Congratulations to Siva Vaidhyanathan, a UT AMS alum and professor at the University of Virginia, who has written a critical and thought provoking essay for The Baffler about the cultural and political roots of the rising cost of higher education. We’ve excerpted a section below, and you can find the whole post here.
Elite higher education in America has long been a Veblen good—a commodity that obeys few, if any, conventional laws of economic activity. In some cases (chiefly among the children of the serene professional elders perusing the Sunday New York Times), the higher the sticker price of a particular college or university, the more attractive it is. Raise the price and then offer a “discount,” and applications will fly in and better students will enroll. Private colleges and universities figured out this marketing strategy about twenty years ago. That’s a major reason that private college tuition has skyrocketed over the same time span, often at more than double the rate of inflation. Because university administrators know they have an essentially captive client base, they can mark up their sticker prices with impunity.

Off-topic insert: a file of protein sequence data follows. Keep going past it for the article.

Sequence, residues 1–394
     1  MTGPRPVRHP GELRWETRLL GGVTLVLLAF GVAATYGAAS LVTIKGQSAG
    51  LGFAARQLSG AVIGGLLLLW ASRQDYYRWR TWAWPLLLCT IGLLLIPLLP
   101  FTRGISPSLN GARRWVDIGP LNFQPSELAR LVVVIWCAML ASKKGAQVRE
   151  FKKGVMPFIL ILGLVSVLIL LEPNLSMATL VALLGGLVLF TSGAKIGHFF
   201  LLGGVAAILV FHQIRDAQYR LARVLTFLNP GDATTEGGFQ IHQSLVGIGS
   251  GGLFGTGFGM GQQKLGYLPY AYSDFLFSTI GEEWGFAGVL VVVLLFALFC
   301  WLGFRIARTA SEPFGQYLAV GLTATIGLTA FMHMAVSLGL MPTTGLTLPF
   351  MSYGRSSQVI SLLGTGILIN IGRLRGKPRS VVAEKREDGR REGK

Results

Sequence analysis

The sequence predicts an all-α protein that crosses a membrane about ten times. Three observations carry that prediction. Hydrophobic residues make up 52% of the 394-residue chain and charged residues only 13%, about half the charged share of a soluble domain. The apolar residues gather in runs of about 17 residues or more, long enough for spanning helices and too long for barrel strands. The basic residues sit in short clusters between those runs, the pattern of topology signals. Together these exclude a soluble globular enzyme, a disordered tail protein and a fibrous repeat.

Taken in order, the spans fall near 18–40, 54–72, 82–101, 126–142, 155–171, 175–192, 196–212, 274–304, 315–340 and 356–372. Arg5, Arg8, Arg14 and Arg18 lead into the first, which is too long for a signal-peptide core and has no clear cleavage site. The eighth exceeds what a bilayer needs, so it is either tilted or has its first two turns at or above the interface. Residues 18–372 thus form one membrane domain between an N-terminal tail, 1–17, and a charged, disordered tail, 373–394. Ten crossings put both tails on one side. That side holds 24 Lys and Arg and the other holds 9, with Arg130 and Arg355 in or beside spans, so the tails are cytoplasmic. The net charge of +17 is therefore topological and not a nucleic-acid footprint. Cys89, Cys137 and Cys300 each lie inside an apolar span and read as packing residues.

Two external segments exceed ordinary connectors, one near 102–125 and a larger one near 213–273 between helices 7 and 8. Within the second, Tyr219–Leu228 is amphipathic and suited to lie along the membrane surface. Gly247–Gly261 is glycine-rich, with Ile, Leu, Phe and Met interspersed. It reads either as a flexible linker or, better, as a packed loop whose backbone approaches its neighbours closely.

Economists call things “Veblen goods” when they violate standard models of supply and demand—mainly in cases when an ongoing spike in price works, perversely, to increase demand. Veblen goods are usually luxuries, or at least luxury versions of goods that might be considered necessities in general. Higher education seems to comport with the trend: as the prospects dim for earning a decent wage and forging a comfortable life without a bachelor’s degree, we are told we must increase the number of bachelor’s degrees floating around the economy. And as that number increases, some versions of the degree have become even more valuable in the eyes of tastemakers and nervous wealthy people.
Thorstein Veblen described the cultural and economic effects of the irony of prestige in his best-known, bestselling book, The Theory of the Leisure Class (1899). But Veblen did not call Veblen goods “me goods” or define the phenomenon himself. In a 1950 paper, economist Harvey Leibenstein coined the term “Veblen effect” to explain why people pay more money for goods of no discernably higher quality. Over time, economists began to refer to such goods as “Veblen goods,” a legacy designation that would doubtless exasperate its namesake.